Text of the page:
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Any experienced sender knows that they should be segmenting their lists. Whether they are segmenting based on specific analytics, such as how frequently a customer buys a product, or maybe by how often they engage, it is imperative that they keep their segments organized, clean, and above all, keep them segmented.
Every once in a while, something happens, and they may end up sending to the wrong segmented list of recipients. Bad things tend to follow when this happens, and that sends senders into a panic.
There are hundreds, if not thousands of ways that an organization can segment their list. It can be highly dependent on the vertical they are in, the time of year, and the type of data they are consuming from signals such as opens and clicks. While we cannot get into detail on how a segment will behave, we can cover some of the most common segment types and speak to the consequences of making your list but not checking it twice.
The most common segment is for those senders who organize their lists based on the frequency of engagement. If you are consuming open and click signals, which you should be, it is a good idea to place those engagement types into buckets of priority.
For example, daily messages should only be sent to recipients who engage daily. Or, if a recipient does not engage for a whole week, consider sending once a week. Recipients who still aren't engaging at that time should only have messages sent once a month and get hyper-focused on winning them back.
Now, let's say that you have been using this strategy for some time, what happens when you send to a wrong segment? Should you send too frequently to non-engagers on accident, you might engage a few of them and win them back, but that is by far the exception and if anything, a pipe dream. Unfortunately, you're much more likely to start collecting spam complaints.
Spam complaints are about the worst thing to happen to a sender and are a clear indicator that something needs to change. Get enough spam complaints, and you might find your IPs rate limited, blocked, and at the very least, your content or domain reputation might earn you a fast track ticket to the junk folder.
Sometimes senders consume analytics around recipient behavior beyond just engagement, like a customer's shopping tendencies. By doing so, they can target recipients with messages that are curated to those behaviors. This can be a massive boon for a sender's engagement rate and reputation as they can make highly personalized content.
Should the sender send to the wrong segment, though, they run the risk of losing their recipients' trust if it goes on for too long. For example, our recipient Gimli loves to receive emails about all the latest axes and ax accessories. Gimli is engaging often and frequently purchases the axes and ax accessories. Then something changes; the sender accidentally adds Gimli to another segment: Bows, arrows, and other things that only interest elfling princes. The next thing you know, Gimli stops engaging with those emails, and could potentially unsubscribe.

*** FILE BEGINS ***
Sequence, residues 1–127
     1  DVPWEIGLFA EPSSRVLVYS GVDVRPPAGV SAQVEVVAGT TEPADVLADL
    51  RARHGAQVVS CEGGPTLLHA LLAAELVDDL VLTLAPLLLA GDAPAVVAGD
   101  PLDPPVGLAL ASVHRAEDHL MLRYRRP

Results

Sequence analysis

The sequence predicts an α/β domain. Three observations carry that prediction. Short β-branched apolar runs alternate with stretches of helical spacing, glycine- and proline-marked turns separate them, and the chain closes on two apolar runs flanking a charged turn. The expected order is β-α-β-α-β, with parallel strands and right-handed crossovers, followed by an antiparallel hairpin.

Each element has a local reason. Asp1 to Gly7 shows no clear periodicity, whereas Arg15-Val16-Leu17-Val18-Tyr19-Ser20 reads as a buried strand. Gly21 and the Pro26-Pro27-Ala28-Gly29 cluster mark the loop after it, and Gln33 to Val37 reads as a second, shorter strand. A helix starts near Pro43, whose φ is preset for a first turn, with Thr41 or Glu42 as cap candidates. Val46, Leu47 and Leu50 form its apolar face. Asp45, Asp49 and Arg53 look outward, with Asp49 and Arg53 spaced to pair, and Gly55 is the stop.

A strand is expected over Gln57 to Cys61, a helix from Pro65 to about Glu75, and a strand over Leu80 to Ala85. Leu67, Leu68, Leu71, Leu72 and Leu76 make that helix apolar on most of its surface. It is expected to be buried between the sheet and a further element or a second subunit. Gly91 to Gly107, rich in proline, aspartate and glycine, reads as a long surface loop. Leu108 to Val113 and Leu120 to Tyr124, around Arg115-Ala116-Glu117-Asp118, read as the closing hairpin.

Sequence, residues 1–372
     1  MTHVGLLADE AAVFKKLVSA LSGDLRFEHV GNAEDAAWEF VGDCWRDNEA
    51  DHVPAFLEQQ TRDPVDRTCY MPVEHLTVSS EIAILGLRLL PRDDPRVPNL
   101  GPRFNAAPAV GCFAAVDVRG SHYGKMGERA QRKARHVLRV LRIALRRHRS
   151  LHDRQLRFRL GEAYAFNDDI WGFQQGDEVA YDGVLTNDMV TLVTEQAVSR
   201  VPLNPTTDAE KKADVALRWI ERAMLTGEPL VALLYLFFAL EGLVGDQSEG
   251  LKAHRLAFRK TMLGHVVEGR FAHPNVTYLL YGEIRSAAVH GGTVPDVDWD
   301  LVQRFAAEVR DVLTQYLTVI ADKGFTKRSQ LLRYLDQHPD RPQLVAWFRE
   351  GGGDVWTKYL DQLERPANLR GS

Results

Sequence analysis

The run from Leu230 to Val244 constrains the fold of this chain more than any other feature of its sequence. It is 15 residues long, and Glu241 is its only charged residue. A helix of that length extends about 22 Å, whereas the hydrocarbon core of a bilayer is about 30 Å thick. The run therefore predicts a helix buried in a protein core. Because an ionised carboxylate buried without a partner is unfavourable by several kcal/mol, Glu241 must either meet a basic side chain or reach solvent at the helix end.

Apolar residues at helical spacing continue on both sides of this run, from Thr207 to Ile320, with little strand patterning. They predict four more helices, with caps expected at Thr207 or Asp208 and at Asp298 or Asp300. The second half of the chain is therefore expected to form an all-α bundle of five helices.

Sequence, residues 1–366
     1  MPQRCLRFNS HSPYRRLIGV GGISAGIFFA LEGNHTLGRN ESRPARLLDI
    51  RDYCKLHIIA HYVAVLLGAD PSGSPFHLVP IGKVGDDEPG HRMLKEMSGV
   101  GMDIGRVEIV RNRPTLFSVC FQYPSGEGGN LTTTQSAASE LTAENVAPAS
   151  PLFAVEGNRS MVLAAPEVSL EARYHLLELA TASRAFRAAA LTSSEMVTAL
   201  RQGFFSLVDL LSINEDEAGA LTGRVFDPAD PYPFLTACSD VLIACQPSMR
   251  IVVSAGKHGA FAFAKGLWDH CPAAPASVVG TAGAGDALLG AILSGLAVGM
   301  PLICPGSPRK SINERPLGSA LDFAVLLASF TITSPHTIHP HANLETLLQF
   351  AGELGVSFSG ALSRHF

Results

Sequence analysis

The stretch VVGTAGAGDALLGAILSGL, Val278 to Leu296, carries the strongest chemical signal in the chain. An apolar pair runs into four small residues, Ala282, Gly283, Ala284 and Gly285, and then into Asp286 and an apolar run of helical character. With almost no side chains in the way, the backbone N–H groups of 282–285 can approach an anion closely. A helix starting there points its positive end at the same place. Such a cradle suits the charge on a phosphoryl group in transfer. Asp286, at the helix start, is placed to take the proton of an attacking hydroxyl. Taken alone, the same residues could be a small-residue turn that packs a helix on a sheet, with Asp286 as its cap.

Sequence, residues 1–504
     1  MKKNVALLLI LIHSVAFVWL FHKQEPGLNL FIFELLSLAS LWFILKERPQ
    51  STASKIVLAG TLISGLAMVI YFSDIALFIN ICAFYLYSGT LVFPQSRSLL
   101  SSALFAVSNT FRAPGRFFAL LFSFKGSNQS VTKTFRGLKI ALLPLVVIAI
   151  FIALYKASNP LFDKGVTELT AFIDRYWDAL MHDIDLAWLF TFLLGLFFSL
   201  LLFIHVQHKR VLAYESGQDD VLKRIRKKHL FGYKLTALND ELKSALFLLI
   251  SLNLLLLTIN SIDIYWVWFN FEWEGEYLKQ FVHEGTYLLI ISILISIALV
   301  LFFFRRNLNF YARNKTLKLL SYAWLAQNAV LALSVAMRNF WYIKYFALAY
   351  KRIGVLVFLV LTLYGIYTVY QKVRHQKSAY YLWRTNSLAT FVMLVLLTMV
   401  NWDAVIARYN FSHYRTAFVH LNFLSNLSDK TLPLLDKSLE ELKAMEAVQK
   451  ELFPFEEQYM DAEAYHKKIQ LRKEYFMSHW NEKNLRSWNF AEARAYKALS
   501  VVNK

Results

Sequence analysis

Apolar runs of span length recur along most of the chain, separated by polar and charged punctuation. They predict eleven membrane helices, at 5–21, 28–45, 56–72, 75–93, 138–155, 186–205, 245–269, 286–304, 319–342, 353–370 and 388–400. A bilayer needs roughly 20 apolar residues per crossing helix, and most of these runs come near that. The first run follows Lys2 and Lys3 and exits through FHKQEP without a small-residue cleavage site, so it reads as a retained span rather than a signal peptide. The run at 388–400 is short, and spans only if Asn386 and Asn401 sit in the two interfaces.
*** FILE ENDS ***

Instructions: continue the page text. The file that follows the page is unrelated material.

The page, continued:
In some cases, senders may hold on to recipient addresses that signed up but never confirmed their opt-in. Senders should naturally be using double opt-in; however, if that recipient does not confirm their consent, the sender should consider them inactive and toxic to their reputation.
While not uncommon, keeping a list of recipients that have not completed their opt-in is not recommended due to a lack of consent. Let's say, however, that you did send to these addresses on accident. If a sender has been hoarding these non-confirmed recipients and then accidentally sends to them, they may hit nothing but a bunch of trap addresses.
Sending to recipients that haven't given their consent is the email equivalent of walking outside and slapping a wasps nest, and there is a high likelihood of hitting a spam trap. Depending on the spam trap operator you ping, you might end up on a blacklist. Of course, some are more reputable than others, but they still impact your overall deliverability negatively.
Now you might say, "but I had to hit that trap once at some point to send the original welcome," and that is true. In this scenario, you are hitting a potential metric ton of them at the same time, not once every few days. That repetitive behavior tells spam trap operators that you haven't cleaned your lists, and thus penalize you with a blacklisting.
While we’ve covered what to do when you accidentally send an email in the past, it bears repeating that correcting the mistake doesn’t always involve alerting the recipient of the error. For the most part, you’ll want to correct the mistake on your end and return everything to normal. Adding an additional email to the pile of misfires might irritate some recipients, so fix your mistake and check the health of your sending to see what you need to nurse back to health.
No matter your vertical or your segment – keep your recipients organized! Double-checking your recipients before you send is imperative to your deliverability.
Last updated on December 23, 2019